You know your body better than anyone else, so listen to yourself!
If something doesn’t feel right – stop, find out why, prepare, and try again. Always listen to your own individual needs – and yes, it may change from day-to-day!

By learning about and providing for those needs, you’ll see progress through astounding pole victories, muscle gains, flexibility, grace, and overall boosted mood and self-confidence.

PolePedia provides a single, community-based resource to help you work towards becoming the best version of yourself, whether the key is confidence in who you are, your body image, finding your passion, or a mix of all three.

Global Pole Studio Map

At PolePedia, we want pole dancers across the world to be safe and have access to a studio near them.

We’ve created a global Pole Studio Map so no matter where you are in the world, you can find a studio near you. 

This pole studio map is community-fueled, requiring the help of pole dancers worldwide to submit changes to pre-existing studios, add new studios to the map, and help their fellow pole dancers. View the map to find a studio near you, or submit information!

Discover Your Studio

Explore: Pole Dance Move Dictionary

Help Wanted!

We are looking for a pole partner to help us expand our free Pole Dance Move Dictionary.

PolePedia has released a community-based Pole Dance Move Dictionary. This dictionary is meant to help pole dancers of all levels reference pole tricks and moves from a variety of categories.

Every pole trick listed in this dictionary offers a complete view of the movement, with both written instructions and a video overview to help guide you through each step, complete with:

1. Move Name and Alternate Names
2. Pre-requisite Moves
3. Skill Level and Pole Type
4. Points of Contact
5. Move Category

Beyond that, there is also a section to help you through common mistakes, safety tips, and any additional information that many pole dancers struggled with before.

Best of all? It’s completely free.

Why? Because learning how to pole dance safely shouldn’t cost you money.

LEARN A NEW POLE MOVE:

Intermediate, Grip

Cross Knee Hold

The Cross Knee Hold is a secure grip that will help secure any layback-type move. If you’ve ever taken a yoga class, you might know that “figure four” pose, where you’re standing on one leg while the other leg is crossed on top of the knee, creating a space between your thighs. This grip uses the same principles.

The crossed knee braces your weight so you can lean back safely with an anchor point on your bum and calf. Pointing your toes will help keep the legs engaged and stable, locking everything into place.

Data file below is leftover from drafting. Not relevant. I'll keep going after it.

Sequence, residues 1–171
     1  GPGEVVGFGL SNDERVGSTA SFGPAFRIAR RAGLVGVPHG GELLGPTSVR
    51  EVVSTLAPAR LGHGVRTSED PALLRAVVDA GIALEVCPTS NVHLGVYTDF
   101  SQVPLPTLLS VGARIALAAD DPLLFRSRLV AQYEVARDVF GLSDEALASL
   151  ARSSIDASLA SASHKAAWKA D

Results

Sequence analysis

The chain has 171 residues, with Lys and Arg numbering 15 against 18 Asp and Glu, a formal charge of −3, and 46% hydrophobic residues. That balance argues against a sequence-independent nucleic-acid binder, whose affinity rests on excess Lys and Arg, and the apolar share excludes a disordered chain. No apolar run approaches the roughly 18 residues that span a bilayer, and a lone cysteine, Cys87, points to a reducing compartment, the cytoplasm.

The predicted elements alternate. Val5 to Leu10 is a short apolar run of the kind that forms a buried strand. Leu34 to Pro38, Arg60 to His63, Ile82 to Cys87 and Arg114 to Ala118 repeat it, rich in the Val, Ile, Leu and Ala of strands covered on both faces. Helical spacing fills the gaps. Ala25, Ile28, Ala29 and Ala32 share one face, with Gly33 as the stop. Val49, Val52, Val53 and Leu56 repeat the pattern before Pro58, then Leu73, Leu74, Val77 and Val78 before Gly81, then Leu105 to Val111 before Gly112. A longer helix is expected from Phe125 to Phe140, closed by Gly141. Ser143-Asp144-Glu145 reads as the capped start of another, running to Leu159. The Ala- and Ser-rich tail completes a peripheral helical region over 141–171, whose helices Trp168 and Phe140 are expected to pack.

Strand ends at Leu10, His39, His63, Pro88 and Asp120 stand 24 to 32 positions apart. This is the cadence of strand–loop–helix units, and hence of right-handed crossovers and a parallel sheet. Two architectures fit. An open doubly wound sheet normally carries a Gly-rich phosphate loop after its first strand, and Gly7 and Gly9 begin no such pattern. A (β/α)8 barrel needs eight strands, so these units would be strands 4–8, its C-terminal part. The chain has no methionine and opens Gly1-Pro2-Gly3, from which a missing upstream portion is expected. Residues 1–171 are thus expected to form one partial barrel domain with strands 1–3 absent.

Advanced, Grip

Football Grip

The Football Grip is a widely used variant to many inverted moves. The elbows help maintain extra points of contact while bringing the center of the body closer to the pole, allowing you to perform moves from the midsection-down with at least two points of contact.

Introductory, Grip

Stronghold Grip

The Stronghold Grip relies on three main points of contact. The first point of contact is your outside hand, which is in a typical baseball grip on top. The second is your inside hand, gripping the pole below with the pole tucked deep into the armpit. The third point of contact is your inner arm as you squeeze the pole against your body.

Beginner, Floorwork

Shoulder Stand (Pole Assisted)

The Shoulder Stand is a wonderful way to transition around the pole and add a bit of flare to your floorwork either barefoot or in heels.

This trick is beginner-friendly and pole-assisted, meaning you do not need a lot of balance to perform it. The movement will keep you front-facing and your bodyweight centered, allowing you to transition into other floorwork tricks. You do not need a lot of flexibility to perform this move, however, the more active flexibility you have in your middle splits, the showier this trick is.

(FREE) Home Poling Handbook

In this guide, PolePedia discusses several aspects of poling at home from the very beginning of the poling journey.

We assume that you don’t know anything about poles and are looking for a guide to not just help you purchase a home pole, but to truly understand what you want out of a pole and which one is the right choice for you.

This guide is short enough to be read in one sitting but long enough to be comprehensive. You can read it all the way through, or jump around from section to section.

Every poler’s home poling setup looks a little different, and it’s important to find the right pole for you and your space.

Read Now